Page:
Powers also feels that Maddow's homosexuality is a big plus. She's making it all so ordinary:
Topping it all off, she’s an openly lesbian anchor in an era when people still discuss whether Anderson Cooper is gay. Not so long ago, being out would have kept Maddow off the air. Now, it feels positively ordinary.
....As Obama must carefully avoid the cliché of the angry black man, so Maddow must forever battle the continuing stereotype of the humorless lesbian. It’s not accidental that America’s three most famous gay women—Ellen and Rosie are the other two—are all known for their jokiness. In a way, so are The New York Times’ two women columnists, Maureen Dowd and Gail Collins, which makes you wonder whether cuteness is the price female journalists must still pay to get high-profile jobs. Curiously, the cuteness is less prevalent in places that aren’t officially supposed to lean forward: places like CNN, which has had several uncute women anchors; Fox News, whose Greta Van Susteren is nobody’s idea of a barrel of monkeys; and The Wall Street Journal, where Peggy Noonan’s column is hilarious precisely because it’s written in such earnest.
Powers came strongly to Maddow's defense against criticism in The New Republic:
The New Republic recently included her on a list of “Over-Rated Thinkers,” labeling her “a textbook example of the intellectual limitations of a perfectly settled perspective. She knows the answers even before she has the questions. … Her show is a great tribute to Fox, because it copies the Fox style exactly.” What made this attack so striking wasn’t merely its own desperate-for-attention, Fox-style crudeness—do they now teach a course in drive-bys at Harvard?—but the lazy way it torched a straw woman. Does anybody really think of Maddow as a “thinker”? Profile writers may gush that she was a Rhodes scholar, but does she present herself as an intellectual on the air? Hardly. She’s a TV host, a popularizer with a vigorous point of view on a network whose audience basically wants to see this point of view reinforced.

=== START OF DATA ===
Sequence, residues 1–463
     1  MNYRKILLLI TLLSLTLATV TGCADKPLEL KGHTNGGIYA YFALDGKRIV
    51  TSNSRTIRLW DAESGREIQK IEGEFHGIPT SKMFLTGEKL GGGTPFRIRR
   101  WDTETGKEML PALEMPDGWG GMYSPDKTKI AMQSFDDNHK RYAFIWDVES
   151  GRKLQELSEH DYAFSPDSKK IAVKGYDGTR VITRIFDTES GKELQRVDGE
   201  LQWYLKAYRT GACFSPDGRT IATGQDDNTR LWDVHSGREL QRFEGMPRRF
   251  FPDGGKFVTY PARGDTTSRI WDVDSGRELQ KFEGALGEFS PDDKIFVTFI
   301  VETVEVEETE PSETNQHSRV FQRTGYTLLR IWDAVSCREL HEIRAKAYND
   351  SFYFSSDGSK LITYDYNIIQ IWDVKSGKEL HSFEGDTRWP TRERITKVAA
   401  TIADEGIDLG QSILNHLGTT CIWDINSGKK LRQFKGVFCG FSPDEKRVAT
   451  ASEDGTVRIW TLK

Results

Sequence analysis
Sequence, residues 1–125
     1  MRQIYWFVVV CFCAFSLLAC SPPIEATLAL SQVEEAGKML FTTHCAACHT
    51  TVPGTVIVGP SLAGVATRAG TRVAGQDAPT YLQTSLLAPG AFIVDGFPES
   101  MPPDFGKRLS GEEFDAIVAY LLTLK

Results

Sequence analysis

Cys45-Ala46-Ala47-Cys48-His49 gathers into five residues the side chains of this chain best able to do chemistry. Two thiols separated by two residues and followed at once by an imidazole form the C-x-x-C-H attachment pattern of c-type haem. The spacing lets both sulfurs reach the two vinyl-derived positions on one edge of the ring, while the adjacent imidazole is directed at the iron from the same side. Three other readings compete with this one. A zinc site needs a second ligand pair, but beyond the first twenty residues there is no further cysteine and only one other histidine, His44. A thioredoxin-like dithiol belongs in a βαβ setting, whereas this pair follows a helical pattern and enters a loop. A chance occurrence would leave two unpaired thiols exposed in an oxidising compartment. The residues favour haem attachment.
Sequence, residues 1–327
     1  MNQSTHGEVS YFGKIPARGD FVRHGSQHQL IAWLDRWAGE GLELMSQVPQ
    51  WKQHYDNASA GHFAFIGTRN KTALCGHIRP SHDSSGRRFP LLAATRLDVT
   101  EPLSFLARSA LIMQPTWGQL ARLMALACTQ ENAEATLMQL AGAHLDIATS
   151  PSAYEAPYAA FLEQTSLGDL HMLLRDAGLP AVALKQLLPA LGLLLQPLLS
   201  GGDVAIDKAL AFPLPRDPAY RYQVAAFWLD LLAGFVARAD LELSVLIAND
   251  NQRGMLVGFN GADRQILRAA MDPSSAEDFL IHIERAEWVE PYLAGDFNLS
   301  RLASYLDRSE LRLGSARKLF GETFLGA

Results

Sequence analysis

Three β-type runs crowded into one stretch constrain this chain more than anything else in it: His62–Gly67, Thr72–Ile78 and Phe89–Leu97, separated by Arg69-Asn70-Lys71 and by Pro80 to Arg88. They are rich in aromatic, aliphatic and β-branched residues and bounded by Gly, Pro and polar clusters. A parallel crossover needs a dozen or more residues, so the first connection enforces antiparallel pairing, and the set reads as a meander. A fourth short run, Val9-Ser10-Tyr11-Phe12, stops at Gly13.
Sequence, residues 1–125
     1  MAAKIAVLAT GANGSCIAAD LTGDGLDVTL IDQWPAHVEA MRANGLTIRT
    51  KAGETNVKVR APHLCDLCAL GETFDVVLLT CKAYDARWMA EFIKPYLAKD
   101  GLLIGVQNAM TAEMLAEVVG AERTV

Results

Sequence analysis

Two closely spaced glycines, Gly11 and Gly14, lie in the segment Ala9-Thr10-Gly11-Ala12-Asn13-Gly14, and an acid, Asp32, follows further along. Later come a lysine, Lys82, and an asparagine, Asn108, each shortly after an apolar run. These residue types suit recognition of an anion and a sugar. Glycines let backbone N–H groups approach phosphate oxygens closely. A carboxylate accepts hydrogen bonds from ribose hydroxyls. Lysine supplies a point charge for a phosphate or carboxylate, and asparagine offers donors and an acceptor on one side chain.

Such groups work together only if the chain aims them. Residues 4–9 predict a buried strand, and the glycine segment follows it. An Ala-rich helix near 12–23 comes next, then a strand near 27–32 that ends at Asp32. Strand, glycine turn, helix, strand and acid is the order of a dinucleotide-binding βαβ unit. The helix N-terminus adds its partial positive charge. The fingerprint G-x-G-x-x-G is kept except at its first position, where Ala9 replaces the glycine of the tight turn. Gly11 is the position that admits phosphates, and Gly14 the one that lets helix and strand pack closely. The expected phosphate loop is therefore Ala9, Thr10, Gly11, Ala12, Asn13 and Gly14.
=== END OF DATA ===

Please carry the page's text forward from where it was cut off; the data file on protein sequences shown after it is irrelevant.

He was not referring to Leon Wieseltier's recent notes in The New Republic on her new book, where he said it was "Written in the same perky self-adoring voice that makes her show so excruciating...Maddow is one of those better people who believe that nobody who supports a war can possibly understand what a war is." Powers concluded:
It’s a cliché that Americans don’t know anything about their history, yet when a book like Maddow’s appears, you’ll hear grumbling that it’s old hat—everybody already knows about Iran-Contra, Bush’s maneuverings before the first Gulf War, or Cheney’s ideas about privatizing the military.
They don’t know. And they won’t learn these things from reading Chris Matthews, Michael Moore, or anyone else on what we might call the news-entertainment left. But they will from Maddow. Her optimistic good cheer is not some sort of Sacha Baron Cohen shtick. She is what she appears to be, an idealist who believes in the power of sweet reason. Maddow doesn’t merely want to win viewers over to her side—she wants to make them smarter and better informed.